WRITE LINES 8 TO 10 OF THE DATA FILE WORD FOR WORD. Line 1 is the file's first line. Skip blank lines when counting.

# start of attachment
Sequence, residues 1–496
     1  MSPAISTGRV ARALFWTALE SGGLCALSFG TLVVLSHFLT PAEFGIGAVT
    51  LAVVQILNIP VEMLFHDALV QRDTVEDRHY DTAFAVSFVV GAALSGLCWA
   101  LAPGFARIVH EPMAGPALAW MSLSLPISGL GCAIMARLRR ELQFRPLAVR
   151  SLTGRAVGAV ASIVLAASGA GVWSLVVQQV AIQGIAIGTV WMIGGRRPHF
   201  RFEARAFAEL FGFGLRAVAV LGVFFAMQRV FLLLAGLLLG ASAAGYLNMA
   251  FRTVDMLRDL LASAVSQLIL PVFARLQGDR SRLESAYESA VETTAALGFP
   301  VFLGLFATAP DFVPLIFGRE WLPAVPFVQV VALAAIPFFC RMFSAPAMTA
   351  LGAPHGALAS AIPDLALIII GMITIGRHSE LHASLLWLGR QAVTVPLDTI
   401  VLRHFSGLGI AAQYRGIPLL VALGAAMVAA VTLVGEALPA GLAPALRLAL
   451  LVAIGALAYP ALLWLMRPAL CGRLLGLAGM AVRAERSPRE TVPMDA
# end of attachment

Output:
   301  VFLGLFATAP DFVPLIFGRE WLPAVPFVQV VALAAIPFFC RMFSAPAMTA
   351  LGAPHGALAS AIPDLALIII GMITIGRHSE LHASLLWLGR QAVTVPLDTI
   401  VLRHFSGLGI AAQYRGIPLL VALGAAMVAA VTLVGEALPA GLAPALRLAL